Scope 1, 2 and 3 emissions of a carbon footprint explained

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Many companies are working on reducing carbon emissions. Insight into emissions forms the basis for structural reduction. This insight can be obtained by calculating a carbon footprint. When calculating a carbon footprint, the scope and boundaries set by an organization are important. This makes it clear for which greenhouse gas emissions an organization itself is responsible. The Greenhouse Gas Protocol (worldwide the most used protocol to calculate greenhouse gas emissions) refers to three scopes: Scope 1, 2 and 3 emissions. In this article we briefly explain which emissions are included in the different scopes.

Scope 1, 2 and 3 emissions

Scope 1: direct emissions

Scope 1 includes direct emissions: emissions from sources that an organization owns or controls, for example emissions from its own buildings, transport and production-related activities.

Scope 2: indirect emissions

Scope 2 concerns indirect emissions, through the generation of purchased and consumed electricity or heating/cooling.

Scope 3: indirect emissions from other companies

Scope 3 also concerns indirect emissions, but then caused by the business activities of other organisations. It is important that they are related to the activities of the company. Typically, these are emissions caused by suppliers in the supply chain, outsourced activities, and employee commuting.

Visualisation of scope 1, 2 and 3 emissions © Greenhouse Sustainability

Mapping the different scopes

According to the Greenhouse Gas Protocol, an organization in any case takes responsibility for carbon emissions caused by scopes 1 and 2. The emissions in scopes 1 and 2 are easier to calculate than scope 3 emissions. For example, for energy consumption, companies can request the data needed to convert direct purchases of gas and electricity into a value for the associated greenhouse gases.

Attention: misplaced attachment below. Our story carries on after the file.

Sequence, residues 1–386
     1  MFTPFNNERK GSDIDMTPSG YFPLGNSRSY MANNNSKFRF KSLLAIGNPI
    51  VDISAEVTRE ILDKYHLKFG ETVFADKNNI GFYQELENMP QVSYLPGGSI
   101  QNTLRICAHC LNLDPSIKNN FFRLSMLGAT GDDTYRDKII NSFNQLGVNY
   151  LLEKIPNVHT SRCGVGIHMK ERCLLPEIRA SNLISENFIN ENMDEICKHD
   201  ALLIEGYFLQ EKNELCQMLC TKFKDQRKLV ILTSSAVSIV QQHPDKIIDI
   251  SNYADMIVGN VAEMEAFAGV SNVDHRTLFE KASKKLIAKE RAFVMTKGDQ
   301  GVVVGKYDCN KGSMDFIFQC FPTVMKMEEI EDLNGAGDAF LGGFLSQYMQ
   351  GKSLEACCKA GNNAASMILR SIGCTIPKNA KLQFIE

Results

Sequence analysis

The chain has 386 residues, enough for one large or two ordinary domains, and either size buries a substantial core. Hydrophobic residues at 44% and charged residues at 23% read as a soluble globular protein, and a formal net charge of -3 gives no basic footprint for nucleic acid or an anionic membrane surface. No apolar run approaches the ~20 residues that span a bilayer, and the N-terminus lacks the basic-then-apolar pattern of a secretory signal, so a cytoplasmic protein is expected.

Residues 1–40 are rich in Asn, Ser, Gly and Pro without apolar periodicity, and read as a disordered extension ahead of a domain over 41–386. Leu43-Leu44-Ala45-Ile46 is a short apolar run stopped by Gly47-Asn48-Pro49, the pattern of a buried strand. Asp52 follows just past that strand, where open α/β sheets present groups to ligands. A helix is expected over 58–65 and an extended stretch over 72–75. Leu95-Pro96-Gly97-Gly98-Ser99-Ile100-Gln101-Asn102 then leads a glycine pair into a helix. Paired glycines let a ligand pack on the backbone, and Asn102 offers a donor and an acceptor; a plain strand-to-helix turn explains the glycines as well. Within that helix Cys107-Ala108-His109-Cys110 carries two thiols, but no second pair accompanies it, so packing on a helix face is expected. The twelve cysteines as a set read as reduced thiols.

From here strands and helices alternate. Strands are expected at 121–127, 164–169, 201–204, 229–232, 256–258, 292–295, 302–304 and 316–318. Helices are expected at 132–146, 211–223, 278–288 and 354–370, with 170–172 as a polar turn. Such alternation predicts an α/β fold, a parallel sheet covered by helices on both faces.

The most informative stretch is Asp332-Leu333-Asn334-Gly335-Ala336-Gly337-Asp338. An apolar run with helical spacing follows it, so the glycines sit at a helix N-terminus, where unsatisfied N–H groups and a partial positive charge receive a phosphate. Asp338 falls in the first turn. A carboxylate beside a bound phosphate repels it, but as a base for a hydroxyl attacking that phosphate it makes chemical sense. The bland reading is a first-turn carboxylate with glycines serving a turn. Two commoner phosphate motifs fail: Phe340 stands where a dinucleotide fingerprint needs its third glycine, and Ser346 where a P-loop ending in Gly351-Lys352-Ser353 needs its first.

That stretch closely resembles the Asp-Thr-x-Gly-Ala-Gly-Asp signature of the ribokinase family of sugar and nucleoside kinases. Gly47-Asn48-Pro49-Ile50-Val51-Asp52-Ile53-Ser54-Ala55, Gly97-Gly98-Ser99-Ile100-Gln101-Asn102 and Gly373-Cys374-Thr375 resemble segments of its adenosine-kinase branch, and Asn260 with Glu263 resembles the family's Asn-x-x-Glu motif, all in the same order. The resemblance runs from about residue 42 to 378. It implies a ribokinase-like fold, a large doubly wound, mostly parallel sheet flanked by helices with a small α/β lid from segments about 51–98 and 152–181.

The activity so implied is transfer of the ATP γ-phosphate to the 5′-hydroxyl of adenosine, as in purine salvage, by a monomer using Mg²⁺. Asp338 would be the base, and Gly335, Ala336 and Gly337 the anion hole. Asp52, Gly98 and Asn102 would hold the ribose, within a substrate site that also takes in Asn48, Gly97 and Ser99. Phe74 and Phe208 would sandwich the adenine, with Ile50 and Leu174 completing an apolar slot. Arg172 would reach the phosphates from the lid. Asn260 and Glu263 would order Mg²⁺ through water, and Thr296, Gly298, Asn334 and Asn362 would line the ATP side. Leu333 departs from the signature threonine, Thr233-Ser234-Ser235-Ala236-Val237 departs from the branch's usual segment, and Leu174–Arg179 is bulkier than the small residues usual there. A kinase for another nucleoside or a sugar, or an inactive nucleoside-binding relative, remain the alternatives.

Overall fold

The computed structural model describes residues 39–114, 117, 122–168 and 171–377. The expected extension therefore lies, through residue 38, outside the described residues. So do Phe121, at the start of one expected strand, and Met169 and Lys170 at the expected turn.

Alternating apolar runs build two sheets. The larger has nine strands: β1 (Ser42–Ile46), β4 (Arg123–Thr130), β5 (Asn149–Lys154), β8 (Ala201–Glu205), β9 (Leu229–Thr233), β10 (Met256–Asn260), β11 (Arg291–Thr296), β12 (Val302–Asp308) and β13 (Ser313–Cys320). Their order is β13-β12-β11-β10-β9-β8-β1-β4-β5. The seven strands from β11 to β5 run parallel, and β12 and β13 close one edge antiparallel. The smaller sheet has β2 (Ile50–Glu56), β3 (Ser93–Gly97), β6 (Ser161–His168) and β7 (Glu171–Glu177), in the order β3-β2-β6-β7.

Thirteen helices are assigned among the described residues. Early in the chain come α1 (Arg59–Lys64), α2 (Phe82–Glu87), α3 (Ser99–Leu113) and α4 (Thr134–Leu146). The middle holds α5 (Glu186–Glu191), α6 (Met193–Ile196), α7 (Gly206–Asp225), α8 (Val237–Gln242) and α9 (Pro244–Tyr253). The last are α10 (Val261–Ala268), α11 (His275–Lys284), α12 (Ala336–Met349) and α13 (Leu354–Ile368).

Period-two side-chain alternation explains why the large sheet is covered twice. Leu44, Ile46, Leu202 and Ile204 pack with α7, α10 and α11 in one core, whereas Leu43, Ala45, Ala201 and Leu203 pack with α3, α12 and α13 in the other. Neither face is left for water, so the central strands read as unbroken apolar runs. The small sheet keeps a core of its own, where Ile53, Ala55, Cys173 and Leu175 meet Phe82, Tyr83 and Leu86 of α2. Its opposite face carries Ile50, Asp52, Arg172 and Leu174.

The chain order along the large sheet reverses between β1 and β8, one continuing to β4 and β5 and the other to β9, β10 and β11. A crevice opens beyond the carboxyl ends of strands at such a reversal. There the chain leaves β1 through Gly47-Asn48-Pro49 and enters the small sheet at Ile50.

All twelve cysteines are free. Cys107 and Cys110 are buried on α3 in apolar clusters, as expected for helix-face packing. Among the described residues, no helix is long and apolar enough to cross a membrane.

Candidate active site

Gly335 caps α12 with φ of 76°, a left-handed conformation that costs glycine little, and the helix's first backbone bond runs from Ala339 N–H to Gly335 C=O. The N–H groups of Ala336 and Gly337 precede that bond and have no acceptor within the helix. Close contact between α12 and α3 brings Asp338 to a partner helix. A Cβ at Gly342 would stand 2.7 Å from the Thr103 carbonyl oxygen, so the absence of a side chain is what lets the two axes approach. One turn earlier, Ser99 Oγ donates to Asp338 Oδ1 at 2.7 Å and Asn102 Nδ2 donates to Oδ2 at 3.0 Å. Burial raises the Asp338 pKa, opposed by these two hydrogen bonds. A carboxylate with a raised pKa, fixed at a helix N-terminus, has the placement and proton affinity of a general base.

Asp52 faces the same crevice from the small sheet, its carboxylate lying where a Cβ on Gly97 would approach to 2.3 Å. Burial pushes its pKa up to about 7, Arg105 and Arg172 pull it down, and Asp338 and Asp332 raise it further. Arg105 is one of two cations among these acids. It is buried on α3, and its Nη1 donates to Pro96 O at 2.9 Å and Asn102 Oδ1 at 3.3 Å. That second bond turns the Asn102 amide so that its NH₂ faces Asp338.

However, for many organizations scope 3 emissions make up the largest part of the total emissions. The reason for this is that today many activities are outsourced and few companies know the value chain of its products. Do you want to be aware of your scope 3 emissions? Request a footprint calculation from your suppliers. Do you want to reduce emissions? It often helps to sit down with your suppliers and customers, so you can look for the best solutions together. There are also more and more collective initiatives that are committed to sustainability together with chain partners, such as the Horti Footprint Chain Program or the Floriculture Sustainability Initiative in the horticultural sector.

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